Dave Hill: National Politics and the Great Suppression of London
Rishi Sunak and Keir Starmer delivered their big speeches this week from the same corner of a capital whose importance to the nation they both prefer not to acknowledge
Ever since a backbench MP named Boris Johnson, whom some of you may remember, led the Conservative Party to a major general election victory just over three years ago, much of the UK has been emboldened to believe that its capital is in favor of it is responsible for almost a quarter of the country’s economic output and has a habit of exporting over £30 billion in taxes to other parts of the country each year is indeed a parasite on the people and a place to despise.
The very word “London” has served as a versatile abbreviation for “Things To Be Against”, be it “Remoaners” or “North-Side Divide” or “Metropolitan elite” or a criminal “Third World shithole” full of immigrants. The power of these populist hoaxes has convinced the leaders of our two main political parties that London is a place and Londoners are a people best ignored in the search for electoral advantage, save for the temporary exploitation of all this prejudice against them.
This bipartisan consensus that the capital is at best an insignificance and at worst a monster to be tamed was made clear in this week’s speeches by the leaders of our two main political parties, one of which is a prime minister who is very likely to be losing the fight against him to gain support – and that only with his own MPs – the other an opposition leader whose road to No10 involves long and conspicuously sympathetic stops in places like Darlington and Stoke.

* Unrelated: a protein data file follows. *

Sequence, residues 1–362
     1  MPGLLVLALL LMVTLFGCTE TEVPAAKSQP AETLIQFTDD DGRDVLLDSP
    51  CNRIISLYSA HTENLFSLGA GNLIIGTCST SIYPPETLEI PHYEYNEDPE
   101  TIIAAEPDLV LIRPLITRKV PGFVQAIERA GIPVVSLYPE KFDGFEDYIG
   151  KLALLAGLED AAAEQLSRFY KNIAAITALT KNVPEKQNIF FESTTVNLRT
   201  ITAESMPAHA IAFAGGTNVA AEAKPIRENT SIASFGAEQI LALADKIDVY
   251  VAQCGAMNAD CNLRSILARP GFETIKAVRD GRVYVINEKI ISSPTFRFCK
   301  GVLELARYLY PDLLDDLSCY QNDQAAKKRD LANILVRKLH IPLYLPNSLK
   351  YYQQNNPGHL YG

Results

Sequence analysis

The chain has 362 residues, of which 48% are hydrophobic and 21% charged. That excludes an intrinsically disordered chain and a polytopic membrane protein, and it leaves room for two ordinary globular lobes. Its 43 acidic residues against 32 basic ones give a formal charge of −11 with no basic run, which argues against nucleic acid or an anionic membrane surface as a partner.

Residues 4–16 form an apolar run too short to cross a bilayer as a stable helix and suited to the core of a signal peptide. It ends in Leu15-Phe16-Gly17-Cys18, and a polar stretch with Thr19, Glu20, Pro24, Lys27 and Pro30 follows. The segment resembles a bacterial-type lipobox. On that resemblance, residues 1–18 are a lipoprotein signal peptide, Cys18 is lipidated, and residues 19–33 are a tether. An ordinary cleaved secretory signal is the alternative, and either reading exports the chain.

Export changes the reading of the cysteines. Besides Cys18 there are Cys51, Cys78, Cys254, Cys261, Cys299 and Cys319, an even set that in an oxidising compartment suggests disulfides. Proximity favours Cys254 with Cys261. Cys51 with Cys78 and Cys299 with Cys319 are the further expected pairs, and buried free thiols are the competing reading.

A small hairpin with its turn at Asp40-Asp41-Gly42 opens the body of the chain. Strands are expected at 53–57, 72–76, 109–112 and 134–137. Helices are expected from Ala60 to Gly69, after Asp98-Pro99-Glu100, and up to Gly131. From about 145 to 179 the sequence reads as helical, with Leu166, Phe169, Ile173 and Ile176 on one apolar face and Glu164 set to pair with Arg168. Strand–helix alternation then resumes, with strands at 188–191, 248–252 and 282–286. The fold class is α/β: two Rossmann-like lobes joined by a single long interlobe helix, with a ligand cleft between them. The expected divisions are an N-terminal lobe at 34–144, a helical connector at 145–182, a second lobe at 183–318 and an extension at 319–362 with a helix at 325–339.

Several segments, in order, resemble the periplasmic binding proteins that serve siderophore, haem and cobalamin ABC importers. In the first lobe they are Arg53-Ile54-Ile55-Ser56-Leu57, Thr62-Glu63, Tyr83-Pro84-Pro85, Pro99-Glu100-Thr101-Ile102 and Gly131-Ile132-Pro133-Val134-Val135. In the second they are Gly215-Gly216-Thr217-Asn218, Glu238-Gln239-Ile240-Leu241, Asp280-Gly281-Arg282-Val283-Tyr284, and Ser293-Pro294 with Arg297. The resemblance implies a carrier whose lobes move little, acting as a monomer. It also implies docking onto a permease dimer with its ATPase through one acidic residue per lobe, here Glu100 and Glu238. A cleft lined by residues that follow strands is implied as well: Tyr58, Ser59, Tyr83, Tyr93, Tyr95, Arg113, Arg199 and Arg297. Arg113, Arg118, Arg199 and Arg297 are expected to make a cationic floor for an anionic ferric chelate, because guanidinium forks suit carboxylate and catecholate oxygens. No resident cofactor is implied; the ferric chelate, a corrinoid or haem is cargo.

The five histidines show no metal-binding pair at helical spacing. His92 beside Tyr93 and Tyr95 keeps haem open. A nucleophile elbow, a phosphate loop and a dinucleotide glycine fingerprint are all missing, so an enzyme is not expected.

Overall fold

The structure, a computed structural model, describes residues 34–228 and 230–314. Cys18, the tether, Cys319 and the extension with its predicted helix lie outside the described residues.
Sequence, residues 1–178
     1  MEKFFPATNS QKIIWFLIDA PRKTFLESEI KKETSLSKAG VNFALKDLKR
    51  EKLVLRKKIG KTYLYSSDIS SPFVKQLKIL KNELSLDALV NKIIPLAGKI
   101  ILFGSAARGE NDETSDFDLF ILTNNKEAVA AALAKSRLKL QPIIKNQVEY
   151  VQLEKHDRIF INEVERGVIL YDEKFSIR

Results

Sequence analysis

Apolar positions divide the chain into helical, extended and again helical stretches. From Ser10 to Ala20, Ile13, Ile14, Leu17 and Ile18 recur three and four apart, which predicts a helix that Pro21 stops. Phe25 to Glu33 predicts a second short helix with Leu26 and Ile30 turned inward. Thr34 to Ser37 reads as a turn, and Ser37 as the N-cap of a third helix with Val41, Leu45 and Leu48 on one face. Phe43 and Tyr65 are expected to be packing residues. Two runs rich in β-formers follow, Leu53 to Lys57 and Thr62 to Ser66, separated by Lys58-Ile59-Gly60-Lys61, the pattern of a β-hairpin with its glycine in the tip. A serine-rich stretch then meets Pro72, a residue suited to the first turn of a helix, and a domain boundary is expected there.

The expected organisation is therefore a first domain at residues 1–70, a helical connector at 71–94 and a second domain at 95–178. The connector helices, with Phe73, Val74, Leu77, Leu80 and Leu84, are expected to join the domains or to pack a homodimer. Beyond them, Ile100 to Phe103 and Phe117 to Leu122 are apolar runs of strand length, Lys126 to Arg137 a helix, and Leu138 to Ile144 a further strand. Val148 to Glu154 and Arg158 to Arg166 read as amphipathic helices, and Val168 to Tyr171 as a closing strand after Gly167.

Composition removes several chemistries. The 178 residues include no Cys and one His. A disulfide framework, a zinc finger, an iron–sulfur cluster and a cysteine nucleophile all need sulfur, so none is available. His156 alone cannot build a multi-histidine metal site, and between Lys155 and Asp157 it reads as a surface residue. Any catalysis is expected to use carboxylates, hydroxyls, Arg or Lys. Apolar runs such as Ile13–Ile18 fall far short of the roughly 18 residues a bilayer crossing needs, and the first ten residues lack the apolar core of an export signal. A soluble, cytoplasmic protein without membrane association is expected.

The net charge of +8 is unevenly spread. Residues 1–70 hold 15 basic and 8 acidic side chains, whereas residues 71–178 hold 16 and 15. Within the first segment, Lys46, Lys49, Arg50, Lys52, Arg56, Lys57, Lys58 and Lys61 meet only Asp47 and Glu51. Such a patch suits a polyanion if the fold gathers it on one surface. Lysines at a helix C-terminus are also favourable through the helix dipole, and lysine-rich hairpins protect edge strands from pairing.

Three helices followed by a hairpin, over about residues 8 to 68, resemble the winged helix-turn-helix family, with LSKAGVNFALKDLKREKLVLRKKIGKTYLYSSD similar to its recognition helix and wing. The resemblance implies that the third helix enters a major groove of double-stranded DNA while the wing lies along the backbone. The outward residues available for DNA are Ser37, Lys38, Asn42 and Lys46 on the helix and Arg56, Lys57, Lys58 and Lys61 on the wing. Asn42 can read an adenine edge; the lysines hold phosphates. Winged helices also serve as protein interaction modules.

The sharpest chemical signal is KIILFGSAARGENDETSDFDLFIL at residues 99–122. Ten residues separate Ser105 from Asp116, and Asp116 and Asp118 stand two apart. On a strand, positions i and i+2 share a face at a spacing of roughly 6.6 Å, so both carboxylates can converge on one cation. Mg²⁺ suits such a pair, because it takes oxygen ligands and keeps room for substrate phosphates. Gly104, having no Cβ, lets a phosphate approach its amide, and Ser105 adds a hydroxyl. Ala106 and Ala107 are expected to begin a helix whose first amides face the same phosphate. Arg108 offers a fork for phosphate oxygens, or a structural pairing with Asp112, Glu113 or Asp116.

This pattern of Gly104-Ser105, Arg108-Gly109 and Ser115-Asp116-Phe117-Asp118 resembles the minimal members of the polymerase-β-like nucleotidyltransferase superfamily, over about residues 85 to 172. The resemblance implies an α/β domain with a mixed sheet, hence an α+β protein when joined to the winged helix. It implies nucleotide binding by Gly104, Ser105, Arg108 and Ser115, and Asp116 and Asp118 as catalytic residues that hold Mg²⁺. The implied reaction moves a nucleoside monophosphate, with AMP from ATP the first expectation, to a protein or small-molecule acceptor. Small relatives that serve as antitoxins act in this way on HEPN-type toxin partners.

The political geography of our great nation is such that it is stagnant and falling apart, that the corner that still does most to keep the whole place going is eagerly excluded from the prospectuses for national renewal. So how entertaining is it that both Rishi Sunak and Keir Starmer chose their New Year’s presentations from Here East, the innovation campus at Queen Elizabeth Olympic Park, Britain’s most successful example of government-sponsored urban regeneration, ingenuity and ambition of this century.
Starmer’s speech confirmed that Labor, under his leadership, finally knows what their top priority should be – winning a general election – and how to do it. Sunak tried the previous day to reconnect his frayed and soiled party with optimism and skill. Both men have done a good job of doing what they have to do, but underscored that they are effectively declaring to the country that the UK can recover from the damage caused by Covid and Brexit and “repair” decades-old regional productivity imbalances without a revived capital.
As chancellor under Johnson, Sunak presented a budget in which London was hardly mentioned except as an object of displeasure. Labour’s latest document on Renewing Democracy mentioned London almost 100 times, but mainly to help re-use old, familiar images of grievances from the North. Starmer’s speech yesterday reiterated his promising ideas for bolder decentralization along with the sensible, if somewhat opaque, observation that “if the South East goes ahead, ‘redistribution’ cannot be the one-word plan for the rest of Britain”. But it lacked even an implicit acknowledgment that without the economic strength of London and the South East, the investment needed to reduce the rest of Britain’s dependence on the region is not forthcoming for the time being.
Both men are certainly aware of the importance of London’s continued economic strength for the entire country. Both have their reasons for claiming the opposite. None will succeed in rejuvenating the UK unless they help London stay strong.
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